CityPlace is Toronto’s largest multi-tower condo community in the Harbourfront District. The 6 building, 1500 unit complex spans across 52 acres of land, including an 8 acre community park.
I’m a real estate agent, and I’ve had a few clients ask me about CityPlace, but I don’t give them sugar coated answers. A real estate purchase is a big deal, for many it will be their largest investment. My clients need to be confident that whether it’s 1 month from now, or 5 years down the road, they will have the same confidence in the purchase that they did on day 1.
So I give my clients all the information they need to make an educated decision when it comes to buying a condo at CityPlace.
Madame Toastmaster, Fellow Toastmasters and Welcomed Guests,
Do you want the good news or the bad news first?
Good: Price, Architecture and Amenities
Price: A quick MLS search for 1 bedroom condos under $300,000 in the downtown core (south of Bloor between Dufferin and the DVP) will produce hundreds of listings. 42% of those listings are from City Place.
Architecture: The architecture impacts the Toronto skyline in a positive way. The materials, glass and brick, seem appropriate for a complex that is contemporary but which also inhabits land that comes out of Toronto’s industrial past.
Amenities: The complex does have a community feel to it, and is designed to bring neighbours together. The amenities, which are shared between the buildings, include a 30,000 sqft recreation center with swimming pools, squash courts, a bowling alley, basketball courts, a rock climbing wall, tennis courts, running tracks and full fitness facility.
Bad: Supply and Location
Supply: There are eight condominiums in CityPlace, and around 4,000 units. If panic selling was to take place, and “only” 10% of the owners at CityPlace were to list their units, there would be 400 units on the market to choose from. This is an extreme example, but you get the idea. It’s not going to be easy to sell if you have so much competition.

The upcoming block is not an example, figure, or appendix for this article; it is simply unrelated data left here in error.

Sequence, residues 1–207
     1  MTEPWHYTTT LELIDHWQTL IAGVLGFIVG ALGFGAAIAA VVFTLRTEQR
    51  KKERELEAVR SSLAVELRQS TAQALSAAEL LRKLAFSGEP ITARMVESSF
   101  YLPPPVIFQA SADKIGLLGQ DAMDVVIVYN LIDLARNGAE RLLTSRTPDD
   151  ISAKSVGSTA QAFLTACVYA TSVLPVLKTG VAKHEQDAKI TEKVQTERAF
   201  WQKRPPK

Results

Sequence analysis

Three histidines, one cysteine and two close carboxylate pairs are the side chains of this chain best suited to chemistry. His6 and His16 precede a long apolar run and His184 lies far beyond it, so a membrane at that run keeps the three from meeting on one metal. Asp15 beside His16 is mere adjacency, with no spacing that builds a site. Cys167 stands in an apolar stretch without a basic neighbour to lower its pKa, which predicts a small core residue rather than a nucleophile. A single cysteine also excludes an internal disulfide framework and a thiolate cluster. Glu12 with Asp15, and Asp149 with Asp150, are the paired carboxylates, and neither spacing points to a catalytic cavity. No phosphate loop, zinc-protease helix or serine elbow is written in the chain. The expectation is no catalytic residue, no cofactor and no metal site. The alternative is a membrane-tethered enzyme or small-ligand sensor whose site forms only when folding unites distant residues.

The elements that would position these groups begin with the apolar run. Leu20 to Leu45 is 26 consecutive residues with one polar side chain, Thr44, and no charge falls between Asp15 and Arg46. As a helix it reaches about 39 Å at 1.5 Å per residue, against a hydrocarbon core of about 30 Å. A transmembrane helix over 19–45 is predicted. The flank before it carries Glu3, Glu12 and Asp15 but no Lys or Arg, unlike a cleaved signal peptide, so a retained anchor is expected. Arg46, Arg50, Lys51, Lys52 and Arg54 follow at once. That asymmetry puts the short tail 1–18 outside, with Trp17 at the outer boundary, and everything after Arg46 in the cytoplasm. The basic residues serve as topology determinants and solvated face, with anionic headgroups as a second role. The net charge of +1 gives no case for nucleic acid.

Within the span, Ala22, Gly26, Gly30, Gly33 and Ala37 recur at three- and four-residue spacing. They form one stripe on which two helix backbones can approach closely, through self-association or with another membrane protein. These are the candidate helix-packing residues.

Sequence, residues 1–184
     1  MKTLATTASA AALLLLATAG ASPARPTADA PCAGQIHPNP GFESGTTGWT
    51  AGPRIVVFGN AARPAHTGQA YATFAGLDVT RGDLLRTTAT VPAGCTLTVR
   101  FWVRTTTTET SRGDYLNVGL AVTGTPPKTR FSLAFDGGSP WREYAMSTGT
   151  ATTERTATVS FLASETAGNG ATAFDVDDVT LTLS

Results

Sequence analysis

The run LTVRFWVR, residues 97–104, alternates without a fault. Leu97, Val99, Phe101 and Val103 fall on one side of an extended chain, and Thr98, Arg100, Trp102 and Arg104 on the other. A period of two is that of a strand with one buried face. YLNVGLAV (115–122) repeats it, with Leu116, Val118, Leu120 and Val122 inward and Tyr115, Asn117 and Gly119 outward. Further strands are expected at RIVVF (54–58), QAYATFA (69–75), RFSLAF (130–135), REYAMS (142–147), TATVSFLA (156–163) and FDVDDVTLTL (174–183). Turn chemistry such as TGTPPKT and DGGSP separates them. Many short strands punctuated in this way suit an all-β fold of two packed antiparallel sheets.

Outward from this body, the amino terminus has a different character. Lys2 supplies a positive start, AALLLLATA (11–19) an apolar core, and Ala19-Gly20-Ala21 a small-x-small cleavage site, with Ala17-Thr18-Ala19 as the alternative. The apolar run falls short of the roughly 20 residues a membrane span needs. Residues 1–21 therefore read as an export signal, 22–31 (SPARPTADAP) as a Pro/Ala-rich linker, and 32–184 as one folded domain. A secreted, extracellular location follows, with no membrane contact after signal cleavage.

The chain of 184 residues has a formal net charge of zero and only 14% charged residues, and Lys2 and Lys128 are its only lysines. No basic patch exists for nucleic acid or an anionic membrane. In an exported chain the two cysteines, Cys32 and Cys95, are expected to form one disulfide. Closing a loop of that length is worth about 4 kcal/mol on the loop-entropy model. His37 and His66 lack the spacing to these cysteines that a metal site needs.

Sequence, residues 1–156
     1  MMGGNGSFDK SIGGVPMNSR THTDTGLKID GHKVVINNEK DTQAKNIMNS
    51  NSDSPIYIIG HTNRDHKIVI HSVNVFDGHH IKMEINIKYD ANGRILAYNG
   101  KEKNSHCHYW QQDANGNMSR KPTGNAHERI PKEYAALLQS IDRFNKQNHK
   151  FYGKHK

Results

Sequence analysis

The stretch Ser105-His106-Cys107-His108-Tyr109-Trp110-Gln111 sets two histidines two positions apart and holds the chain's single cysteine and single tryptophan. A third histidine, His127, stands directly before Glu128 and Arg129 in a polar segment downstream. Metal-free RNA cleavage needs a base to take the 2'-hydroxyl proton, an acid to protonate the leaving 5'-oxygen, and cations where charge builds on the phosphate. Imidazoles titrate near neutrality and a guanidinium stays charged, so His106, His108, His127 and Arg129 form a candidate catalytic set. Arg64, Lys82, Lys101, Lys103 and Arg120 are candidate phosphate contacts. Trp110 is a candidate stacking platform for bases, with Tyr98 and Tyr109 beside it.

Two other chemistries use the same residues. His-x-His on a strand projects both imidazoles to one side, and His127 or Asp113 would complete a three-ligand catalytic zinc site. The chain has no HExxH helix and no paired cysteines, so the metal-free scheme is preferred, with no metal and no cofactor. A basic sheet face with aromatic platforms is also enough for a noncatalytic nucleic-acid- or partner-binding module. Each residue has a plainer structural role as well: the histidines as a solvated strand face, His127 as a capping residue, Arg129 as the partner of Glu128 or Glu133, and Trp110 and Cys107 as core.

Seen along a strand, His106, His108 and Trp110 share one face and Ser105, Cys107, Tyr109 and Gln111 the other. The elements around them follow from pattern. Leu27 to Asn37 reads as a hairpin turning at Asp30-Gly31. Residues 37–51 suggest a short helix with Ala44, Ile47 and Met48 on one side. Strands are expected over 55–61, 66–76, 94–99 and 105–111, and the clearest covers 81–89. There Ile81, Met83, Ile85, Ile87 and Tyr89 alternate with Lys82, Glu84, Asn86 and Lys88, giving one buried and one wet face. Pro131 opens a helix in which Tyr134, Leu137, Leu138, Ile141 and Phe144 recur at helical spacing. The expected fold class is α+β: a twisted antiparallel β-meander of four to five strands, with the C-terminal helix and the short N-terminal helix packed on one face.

Location: It’s right on the Gardiner – and it’s loud. There’s nothing around either, no restaurants, no coffee shops and it’s still a long walk to the subway. Spadina Ave bisects the complex, creating an enormous traffic nightmare for residents especially during rush hours as commuters use the road to get on and off the Gardiner and Lakeshore.
Quality: These buildings went up so fast, I question their quality. Plus with an inordinately high percentage of renters in the complex, the buildings aren’t cared for – I’ve heard of people throwing cat litter down the garbage chute, and letting their dogs litter the hallways. This all directly impacts your maintenance fees. I would say with confidence, that the buildings at CityPlace are mistreated. When the condo corp is forced to spend money on constant repairs and clean-up – it becomes expensive for the condo owners. As the reserve fund, money set aside for maintenance, becomes depleted – maintenance fees go up.
In the end, it all comes down to preference. As long as my client’s have all the information, it’s up to them to decide whether they should buy at CityPlace or not. I have helped a Seller client sell a unit at CityPlace, but I have never helped a Buyer client buy at CityPlace, at least not yet. Perhaps my clients acknowledge the fact that there are many condos out there with higher value than CityPlace Either way, I stand by the mantra: You get what you pay for.
Disclaimer: The preceding commentary is the opinion of Hanna Stecewicz and does not represent the interests or opinions of Right at Home Realty Inc., Brokerage or the Toronto Real Estate Board. Therefore, Right at Home Realty will not be held responsible and/or liable for any of the opinions herein.